My daughter has now been at Oxford University for eight months or so; long enough for me to make a few tentative observations on the matter. The first thing I have noticed is that the tutorial system used at Oxford suits home educated young people very well. At most universities, large groups of students attend lectures in what is essentially another version of the classroom teaching which most of them experienced at school. At Oxford, on the other hand, one professor meets with a few students in a normal room to discuss the subject under consideration. Some of these meetings are one to one.
This method of education is very similar to the conversational teaching which most home educating parents use routinely with their children. The child expresses a view and the parent responds. Instead of one person being a teacher and the other a pupil, it is a cooperative process. This was certainly the way that things were done when my daughter was being educated at home and it worked brilliantly. The Oxford system is simply a natural extension of this.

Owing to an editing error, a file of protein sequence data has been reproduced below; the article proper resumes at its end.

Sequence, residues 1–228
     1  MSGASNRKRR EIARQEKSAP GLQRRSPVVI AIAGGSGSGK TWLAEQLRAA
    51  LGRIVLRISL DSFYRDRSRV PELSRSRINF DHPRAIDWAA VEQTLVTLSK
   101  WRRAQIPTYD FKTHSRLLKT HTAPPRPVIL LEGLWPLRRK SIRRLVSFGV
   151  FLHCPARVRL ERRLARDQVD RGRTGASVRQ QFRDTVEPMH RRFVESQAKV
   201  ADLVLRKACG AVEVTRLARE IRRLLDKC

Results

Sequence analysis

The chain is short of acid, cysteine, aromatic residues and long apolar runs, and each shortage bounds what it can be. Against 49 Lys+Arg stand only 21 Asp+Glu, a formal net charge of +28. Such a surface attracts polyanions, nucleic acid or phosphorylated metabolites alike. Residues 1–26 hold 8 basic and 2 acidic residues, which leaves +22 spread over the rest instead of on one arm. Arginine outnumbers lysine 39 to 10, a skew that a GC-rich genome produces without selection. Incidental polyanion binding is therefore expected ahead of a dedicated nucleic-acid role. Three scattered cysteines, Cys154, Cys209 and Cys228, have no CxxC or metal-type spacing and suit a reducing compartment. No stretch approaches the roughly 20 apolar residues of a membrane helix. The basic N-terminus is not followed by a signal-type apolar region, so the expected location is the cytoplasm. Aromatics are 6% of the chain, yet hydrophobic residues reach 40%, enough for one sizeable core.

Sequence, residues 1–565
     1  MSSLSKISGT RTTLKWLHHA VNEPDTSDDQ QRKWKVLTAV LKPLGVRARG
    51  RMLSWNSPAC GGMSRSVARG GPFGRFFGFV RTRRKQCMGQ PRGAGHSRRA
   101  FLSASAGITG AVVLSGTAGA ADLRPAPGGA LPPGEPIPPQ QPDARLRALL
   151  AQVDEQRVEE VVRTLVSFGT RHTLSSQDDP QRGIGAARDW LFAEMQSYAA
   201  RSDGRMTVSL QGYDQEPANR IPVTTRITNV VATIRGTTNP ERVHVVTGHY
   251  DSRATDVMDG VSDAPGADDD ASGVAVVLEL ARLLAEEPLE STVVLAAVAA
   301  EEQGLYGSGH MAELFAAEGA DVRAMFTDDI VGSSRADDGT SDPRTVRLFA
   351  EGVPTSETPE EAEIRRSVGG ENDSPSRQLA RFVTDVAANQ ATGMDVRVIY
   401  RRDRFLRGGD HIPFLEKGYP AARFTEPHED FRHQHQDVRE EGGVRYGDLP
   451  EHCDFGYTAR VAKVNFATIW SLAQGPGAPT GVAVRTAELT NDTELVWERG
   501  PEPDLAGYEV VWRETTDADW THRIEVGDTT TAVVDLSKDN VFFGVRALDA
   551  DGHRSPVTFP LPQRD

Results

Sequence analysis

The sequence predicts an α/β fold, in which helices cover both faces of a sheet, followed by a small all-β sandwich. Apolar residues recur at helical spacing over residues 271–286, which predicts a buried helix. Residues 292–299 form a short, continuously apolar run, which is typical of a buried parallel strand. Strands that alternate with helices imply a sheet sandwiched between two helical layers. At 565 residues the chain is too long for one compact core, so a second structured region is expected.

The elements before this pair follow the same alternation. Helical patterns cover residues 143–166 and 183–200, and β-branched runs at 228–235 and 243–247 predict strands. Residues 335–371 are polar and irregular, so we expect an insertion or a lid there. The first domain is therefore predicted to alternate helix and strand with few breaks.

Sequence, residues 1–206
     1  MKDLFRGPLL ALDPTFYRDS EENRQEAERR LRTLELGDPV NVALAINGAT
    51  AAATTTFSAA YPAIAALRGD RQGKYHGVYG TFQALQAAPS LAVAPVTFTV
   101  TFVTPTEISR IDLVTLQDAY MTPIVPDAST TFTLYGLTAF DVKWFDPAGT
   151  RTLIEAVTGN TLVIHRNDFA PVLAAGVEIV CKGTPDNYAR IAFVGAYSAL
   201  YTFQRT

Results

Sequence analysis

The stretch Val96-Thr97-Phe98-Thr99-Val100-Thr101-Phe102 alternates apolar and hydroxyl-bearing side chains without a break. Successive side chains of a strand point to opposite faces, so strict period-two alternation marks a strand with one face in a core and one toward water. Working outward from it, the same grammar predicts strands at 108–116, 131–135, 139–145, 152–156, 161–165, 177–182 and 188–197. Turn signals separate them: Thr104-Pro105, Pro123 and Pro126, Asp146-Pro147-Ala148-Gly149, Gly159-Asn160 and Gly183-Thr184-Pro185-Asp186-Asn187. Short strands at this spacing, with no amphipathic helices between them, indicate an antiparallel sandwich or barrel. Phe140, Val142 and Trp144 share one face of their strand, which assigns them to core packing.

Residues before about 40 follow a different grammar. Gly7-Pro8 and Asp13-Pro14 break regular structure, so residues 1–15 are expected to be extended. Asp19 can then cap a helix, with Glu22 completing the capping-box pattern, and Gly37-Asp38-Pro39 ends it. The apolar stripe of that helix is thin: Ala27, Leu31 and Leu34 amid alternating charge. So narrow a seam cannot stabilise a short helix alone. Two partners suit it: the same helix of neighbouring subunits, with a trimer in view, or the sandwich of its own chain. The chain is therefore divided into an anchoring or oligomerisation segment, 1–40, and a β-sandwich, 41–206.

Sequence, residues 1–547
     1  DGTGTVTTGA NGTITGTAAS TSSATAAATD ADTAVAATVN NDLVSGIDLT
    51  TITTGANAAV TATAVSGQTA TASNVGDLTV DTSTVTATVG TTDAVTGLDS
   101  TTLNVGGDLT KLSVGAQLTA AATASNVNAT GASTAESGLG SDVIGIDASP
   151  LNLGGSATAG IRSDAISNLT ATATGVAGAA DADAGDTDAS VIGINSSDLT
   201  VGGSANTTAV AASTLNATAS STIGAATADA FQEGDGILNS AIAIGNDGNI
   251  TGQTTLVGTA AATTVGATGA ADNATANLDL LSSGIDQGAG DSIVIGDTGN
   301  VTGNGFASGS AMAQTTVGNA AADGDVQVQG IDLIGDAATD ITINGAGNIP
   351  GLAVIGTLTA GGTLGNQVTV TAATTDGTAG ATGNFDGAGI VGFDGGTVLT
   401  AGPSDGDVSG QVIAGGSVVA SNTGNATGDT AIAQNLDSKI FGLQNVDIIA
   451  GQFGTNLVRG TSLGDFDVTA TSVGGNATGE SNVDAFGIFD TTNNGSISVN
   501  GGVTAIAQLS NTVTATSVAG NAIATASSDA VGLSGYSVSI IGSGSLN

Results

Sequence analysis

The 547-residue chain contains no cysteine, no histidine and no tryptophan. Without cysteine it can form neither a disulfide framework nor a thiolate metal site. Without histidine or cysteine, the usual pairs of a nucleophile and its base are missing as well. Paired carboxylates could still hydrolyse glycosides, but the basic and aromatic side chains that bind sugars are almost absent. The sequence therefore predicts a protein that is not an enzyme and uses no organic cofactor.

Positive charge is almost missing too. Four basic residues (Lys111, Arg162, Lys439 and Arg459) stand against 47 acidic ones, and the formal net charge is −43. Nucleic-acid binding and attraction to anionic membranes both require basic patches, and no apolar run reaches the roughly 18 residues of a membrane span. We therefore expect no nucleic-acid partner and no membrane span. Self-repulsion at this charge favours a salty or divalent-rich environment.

One thing that my daughter has remarked upon is that many of the students seem to have the same attitudes as those at school. She herself chose to read Philosophy, Politics and Economics because she had always been fascinated by philosophy and, to a lesser extent, by politics and economics. This does not at all seem to be the case with many of the other students. They have evidently chosen to do PPE not because they are interested in philosophy, but rather because this subject is likely to help them get on in the future. When my daughter attempts to discuss some aspect of politics, she has been told on more than one occasion, ‘Oh, don’t talk about work; we want to have fun.’ This struck her, and me, as quite extraordinary. These are young people who still think in school terms of being made to learn things that they don’t want to so that they can get the right qualification.